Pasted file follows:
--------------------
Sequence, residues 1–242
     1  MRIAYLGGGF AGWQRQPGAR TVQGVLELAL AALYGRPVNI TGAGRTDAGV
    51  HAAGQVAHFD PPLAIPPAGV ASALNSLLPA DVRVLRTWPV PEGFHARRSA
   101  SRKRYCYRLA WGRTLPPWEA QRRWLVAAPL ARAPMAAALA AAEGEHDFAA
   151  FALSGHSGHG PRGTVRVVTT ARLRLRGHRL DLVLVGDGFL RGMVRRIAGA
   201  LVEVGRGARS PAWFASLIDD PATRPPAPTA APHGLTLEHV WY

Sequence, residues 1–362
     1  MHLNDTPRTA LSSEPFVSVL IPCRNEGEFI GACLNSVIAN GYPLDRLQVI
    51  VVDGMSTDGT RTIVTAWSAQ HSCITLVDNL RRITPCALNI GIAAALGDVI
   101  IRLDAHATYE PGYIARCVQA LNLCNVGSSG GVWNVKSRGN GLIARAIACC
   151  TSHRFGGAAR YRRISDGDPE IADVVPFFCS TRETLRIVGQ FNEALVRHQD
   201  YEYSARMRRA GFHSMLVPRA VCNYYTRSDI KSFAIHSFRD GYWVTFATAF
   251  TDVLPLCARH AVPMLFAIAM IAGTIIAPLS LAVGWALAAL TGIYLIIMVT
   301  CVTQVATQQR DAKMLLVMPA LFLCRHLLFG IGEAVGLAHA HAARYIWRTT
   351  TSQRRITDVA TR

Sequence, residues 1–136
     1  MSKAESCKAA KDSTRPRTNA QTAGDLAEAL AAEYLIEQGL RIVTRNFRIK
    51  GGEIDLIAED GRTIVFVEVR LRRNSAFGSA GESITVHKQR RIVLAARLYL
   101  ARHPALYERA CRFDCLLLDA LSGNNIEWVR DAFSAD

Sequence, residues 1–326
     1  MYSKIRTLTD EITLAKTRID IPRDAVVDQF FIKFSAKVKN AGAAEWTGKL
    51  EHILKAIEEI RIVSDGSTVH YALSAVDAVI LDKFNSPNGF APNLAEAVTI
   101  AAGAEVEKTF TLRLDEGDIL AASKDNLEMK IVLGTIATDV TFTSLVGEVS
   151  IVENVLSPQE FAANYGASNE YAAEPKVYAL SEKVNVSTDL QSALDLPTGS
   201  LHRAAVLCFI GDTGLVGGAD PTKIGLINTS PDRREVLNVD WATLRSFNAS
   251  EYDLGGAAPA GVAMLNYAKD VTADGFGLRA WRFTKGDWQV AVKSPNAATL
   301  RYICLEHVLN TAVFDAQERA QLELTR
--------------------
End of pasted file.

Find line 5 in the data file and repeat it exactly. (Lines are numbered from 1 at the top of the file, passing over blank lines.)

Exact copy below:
   151  FALSGHSGHG PRGTVRVVTT ARLRLRGHRL DLVLVGDGFL RGMVRRIAGA